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Sun. Jul 14th, 2024

UK court has ruled that the bond is void for non-registration, despite having a Companies House registration certificate | Cadwalader, Wickersham & Taft LLP

By Vaseline May30,2024

In the recent case of Re VE Global UK Ltd (in administration) (2024) EWHC 749 (Ch)the High Court examined whether a registration certificate issued by Companies House could be regarded as conclusive evidence of the correct registration of securities. The ruling and considerations in this case underline the importance of ensuring that the relevant security submitted for registration is adequately drafted and that the registration process is closely followed.

The case revolved around a bond loan dated December 20, 2021, where a debtor claimed to have provided security in favor of two investors. This bond was not registered with Companies House. In order to further provide this security for the benefit of an additional third party investor, an amendment agreement on the bond loan was subsequently entered into on January 18, 2022. This amendment agreement has been submitted to Companies House for registration without annexing the original bond.

Companies House has issued a certificate confirming the registration of a charge dated January 18, 2022, as created by the charger in favor of the three investors. Under section 859I(6) of the Companies Act 2006, a registration certificate is conclusive evidence that the required documents have been delivered within the prescribed period. Crucially, however, the certificate referred to the date of the amendment agreement, and not to the original bond date.

The High Court held that the bond was void against administrators for non-registration under section 859H of the Companies Act 2006.

In his judgment, Baister J R v Registrar of Companies, ex parte Esal (Commodities) Ltd (1986) 1 QB 1114In the Esal case, the security document in question was delivered too late and as such should not have been eligible for registration; however, in any case, the registrar accidentally and accidentally recorded the charge. Despite these facts, the court ruled that the registration certificate was considered conclusive evidence of registration of an indictment. However, in this case, the registration certificate referred to a charge dated the date of the amendment agreement, and not the date of the original bond. Baister J noted that the variation agreement did not create the charge, but merely expanded the terms of the document, and therefore concluded that the certificate purported to record a charge which did not exist.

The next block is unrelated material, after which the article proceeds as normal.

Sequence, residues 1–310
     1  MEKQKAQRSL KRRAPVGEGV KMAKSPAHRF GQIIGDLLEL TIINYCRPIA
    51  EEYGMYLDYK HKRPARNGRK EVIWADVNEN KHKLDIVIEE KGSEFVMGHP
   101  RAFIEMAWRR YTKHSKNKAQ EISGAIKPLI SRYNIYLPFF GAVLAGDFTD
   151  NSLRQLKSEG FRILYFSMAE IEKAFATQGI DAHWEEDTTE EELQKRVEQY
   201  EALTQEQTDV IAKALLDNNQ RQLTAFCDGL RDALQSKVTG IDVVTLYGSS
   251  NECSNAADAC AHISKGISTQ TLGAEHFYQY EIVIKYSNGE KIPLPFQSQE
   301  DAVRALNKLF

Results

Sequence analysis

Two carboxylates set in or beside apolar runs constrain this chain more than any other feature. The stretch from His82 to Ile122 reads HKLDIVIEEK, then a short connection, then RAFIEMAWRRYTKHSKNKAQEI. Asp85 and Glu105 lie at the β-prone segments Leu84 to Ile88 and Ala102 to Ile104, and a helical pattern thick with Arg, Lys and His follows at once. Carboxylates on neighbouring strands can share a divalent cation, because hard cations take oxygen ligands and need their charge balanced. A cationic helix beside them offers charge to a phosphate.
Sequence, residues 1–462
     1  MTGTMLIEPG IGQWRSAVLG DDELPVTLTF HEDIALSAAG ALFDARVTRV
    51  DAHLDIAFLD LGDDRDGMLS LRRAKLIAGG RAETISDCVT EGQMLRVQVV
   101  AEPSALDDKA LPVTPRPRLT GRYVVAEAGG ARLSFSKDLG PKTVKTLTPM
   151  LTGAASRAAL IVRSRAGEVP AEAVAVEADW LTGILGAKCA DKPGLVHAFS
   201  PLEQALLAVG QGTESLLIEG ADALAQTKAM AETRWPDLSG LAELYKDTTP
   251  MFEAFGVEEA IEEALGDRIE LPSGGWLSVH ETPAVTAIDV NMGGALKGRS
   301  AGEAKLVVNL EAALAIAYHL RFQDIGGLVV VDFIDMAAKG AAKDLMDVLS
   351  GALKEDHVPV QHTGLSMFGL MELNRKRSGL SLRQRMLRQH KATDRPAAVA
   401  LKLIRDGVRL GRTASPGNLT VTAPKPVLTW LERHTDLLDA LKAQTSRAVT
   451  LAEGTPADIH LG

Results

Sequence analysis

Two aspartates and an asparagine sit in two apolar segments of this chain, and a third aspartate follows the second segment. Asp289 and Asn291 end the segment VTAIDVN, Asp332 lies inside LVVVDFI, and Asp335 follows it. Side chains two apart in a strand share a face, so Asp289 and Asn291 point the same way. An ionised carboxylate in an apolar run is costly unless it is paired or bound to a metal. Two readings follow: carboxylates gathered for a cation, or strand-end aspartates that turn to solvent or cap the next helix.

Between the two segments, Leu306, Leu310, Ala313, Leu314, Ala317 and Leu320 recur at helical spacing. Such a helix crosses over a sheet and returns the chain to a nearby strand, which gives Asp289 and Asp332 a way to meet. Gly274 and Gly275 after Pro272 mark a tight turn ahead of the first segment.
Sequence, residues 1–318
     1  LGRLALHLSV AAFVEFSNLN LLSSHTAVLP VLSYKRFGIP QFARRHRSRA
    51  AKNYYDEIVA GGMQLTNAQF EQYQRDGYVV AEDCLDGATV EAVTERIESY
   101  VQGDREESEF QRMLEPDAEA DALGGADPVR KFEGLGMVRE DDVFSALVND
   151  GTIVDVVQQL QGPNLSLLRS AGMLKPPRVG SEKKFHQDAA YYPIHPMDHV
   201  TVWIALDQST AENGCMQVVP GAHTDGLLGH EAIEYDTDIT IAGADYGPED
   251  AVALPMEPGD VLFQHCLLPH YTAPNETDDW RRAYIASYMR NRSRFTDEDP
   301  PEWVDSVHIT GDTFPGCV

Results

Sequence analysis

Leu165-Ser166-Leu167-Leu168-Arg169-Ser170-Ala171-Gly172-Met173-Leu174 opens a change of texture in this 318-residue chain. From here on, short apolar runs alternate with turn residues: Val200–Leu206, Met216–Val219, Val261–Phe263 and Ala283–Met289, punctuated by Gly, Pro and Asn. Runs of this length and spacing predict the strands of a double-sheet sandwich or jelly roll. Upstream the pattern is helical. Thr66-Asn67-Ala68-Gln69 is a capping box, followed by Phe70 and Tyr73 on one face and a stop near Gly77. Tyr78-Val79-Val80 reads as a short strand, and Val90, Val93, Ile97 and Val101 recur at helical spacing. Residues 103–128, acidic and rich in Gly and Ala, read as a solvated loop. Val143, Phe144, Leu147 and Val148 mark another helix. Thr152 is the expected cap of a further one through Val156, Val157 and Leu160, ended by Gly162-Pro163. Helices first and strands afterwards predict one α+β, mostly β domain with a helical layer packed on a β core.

Baister J also referred Re Bitumina Industries Ltd (in administration) (2022) EWHC 2578 (Ch). In the Bitumina Industries case, the registration certificate was held to cover the relevant costs as the original security document and registration details were not “entirely different”. However, in this case, Baister J took the view that the original bond and amendment agreement were not sufficiently similar, with the terms of each agreement serving different purposes.

This ruling underlines the importance of rigor when registering security interests with Companies House. It serves as a cautionary tale for clients and clients to ensure alignment between vehicle registration certificates and the underlying safety documents, averting potential legal pitfalls down the road. Ultimately, Re VE Global UK Ltd provides useful clarity on vehicle registration dependence and highlights the need for precision in documenting and recording business security.

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